If much of your collection finds its way into storage, then an increasingly popular route is to use the collection as collateral. Modern art is more suited to this than contemporary art as the values are more stable. Specialized banks such as the Emigrant Fine Art Bank in New York are willing to loan against Modern Masters. This allows a collector to take advantage of the increased market value of a work without divesting it; and to open up possibilities of collecting new works. Typically, loans are offered on works over a fairly significant price point, say $500,000, with specialists viewing the work and the storage arrangements.
It almost sounds glib but it is very sound advice to buy the very best you can afford. Many passionate collectors will stretch themselves; Marc and Livia Straus started collecting in their 20s when Marc was at medical school. One of their early purchases was an Ellsworth Kelly which took them three years to pay off.
Divesting works from your collection
Whilst I would advise all collectors to buy works you wish to hold for life, sometimes your tastes change. We change throughout life and as you look back at your early purchases, you can trace your own personal history; one of the joys of collecting.
It is generally harder to divest well than to buy well. There are a number of routes to divest successfully including (i) returning the work to the gallery you bought it from, (ii) traditional auction houses, (iii) private sales or, (iv) online auction houses.
During your journey from art buyer to collector to connoisseur, it is important to build relationships with galleries directly or via your advisor. Galleries like to work with collectors who won’t flip the art (buy and quickly re-sell at a profit at public auction). When it is time to divest, your first port of call is the gallery you bought the work from. They may have a long waiting list of buyers for the artist and will want to ensure the work doesn’t appear at auction at a bad time. Many galleries explicitly guard against collectors re-selling work too quickly by including resale clauses on the invoice. These restrict the buyer from selling the work publicly for 3-5 years or giving the gallery right of first refusal.
If this avenue is not fruitful, the traditional auction houses such as Christie’s, Sotheby’s, Bonhams, Guardian, Poly Auctions were historically the way to sell art (usually a generation or so after it was bought). Before buying or selling anything at auction, I recommend attending an auction to experience the unique magic of the sale room and to see how prices can sky-rocket or works can fall flat.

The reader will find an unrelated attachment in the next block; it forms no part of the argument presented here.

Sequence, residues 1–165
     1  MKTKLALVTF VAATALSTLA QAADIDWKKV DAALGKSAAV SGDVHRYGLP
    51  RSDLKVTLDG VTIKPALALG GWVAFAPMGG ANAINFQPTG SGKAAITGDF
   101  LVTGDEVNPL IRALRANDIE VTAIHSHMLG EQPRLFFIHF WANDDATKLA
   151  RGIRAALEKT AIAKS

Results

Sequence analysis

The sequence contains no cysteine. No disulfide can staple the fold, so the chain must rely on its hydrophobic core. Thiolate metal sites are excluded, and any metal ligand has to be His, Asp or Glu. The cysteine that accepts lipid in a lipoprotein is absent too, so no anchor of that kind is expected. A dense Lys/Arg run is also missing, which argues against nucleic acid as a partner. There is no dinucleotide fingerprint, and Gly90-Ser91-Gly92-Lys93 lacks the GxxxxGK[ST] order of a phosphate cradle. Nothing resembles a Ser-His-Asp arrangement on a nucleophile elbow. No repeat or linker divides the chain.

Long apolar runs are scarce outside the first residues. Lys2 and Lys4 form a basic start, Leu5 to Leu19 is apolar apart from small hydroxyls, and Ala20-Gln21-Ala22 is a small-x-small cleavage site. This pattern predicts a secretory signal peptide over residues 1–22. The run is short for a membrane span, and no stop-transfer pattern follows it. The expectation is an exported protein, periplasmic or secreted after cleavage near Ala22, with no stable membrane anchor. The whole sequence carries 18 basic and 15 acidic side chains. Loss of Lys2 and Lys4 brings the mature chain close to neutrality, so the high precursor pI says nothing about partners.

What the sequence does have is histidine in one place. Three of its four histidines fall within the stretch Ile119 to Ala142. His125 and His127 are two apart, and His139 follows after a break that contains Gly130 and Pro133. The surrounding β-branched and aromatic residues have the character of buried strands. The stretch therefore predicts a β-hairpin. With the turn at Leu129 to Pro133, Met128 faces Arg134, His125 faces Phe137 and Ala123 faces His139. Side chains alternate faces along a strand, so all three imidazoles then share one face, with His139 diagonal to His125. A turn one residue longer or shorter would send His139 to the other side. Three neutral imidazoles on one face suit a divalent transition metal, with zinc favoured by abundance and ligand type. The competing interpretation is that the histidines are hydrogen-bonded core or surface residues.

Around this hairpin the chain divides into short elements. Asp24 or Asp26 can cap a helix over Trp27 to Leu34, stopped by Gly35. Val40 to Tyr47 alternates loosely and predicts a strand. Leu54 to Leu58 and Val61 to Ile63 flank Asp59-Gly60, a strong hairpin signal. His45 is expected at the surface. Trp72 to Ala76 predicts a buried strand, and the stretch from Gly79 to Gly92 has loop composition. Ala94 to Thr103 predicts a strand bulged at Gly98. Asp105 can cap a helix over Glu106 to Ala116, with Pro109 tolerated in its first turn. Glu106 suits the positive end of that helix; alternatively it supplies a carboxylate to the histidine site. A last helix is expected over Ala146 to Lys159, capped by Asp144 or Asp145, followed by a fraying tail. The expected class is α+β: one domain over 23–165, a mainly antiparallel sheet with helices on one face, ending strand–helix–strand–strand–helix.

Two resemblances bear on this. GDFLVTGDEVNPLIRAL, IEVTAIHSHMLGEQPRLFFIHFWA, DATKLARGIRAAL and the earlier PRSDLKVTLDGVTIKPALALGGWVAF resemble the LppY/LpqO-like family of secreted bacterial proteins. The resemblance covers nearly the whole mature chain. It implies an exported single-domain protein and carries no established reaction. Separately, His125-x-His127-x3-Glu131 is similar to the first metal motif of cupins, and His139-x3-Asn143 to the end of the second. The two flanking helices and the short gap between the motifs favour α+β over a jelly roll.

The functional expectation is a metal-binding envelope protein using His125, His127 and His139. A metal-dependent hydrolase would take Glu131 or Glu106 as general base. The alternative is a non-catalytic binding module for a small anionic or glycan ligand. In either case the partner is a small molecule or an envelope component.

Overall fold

Auction houses charge commissions at both ends of the transaction to cover their hefty costs and exemplary marketing machine. Christie’s do not reveal their seller’s commission and offer a sliding scale dependent upon how keen they are to consign a sought-after work. However, it can be up to 10%. The seller may also be charged for marketing, restoration, shipping and handling. The buyer’s commission is listed on all of the auction house websites and is known as the buyer’s premium. Sotheby’s buyer’s premium is 25% on the first $200,000 of the hammer (sale) price. There is a sliding scale thereafter, with the premium moving down as the hammer price moves up. To help buyers understand the true price of a work during the bidding process, financial blogger Felix Salmon launched an app, GAVEL, to calculate the actual cost to the buyer. In some countries the buyer must also pay an Artist Resale Royalty (a right of the artist or his heirs to receive a fee on the resale of their works of art). The advantage of the big auction houses is the marketing effort they lavish on their big sales and their global reach.
The last 10 years have seen an explosion in online auction houses. The bigger players are US-based Paddle8 and Berlin-based Auctionata. Saffron Art in India has a blended offline and online model and recorded the highest price paid for an Indian sculpture ever. The advantage of the new online model is the lower commissions for both seller and buyer. New York based, Paddle8 has a buyer’s premium of 15%, a 10% saving on Sotheby’s.
A final consideration is a private sale. These may be organized by auction houses or galleries or private dealers. They will effectively aim to match-make a seller with a buyer via their network. This ensures your privacy and a lower commission.
If you like this article, check out parts one and two below:
How to Successfully Invest in Art Part One.
How to Successfully Invest in Art Part Two.
This story was first published in Art Republik.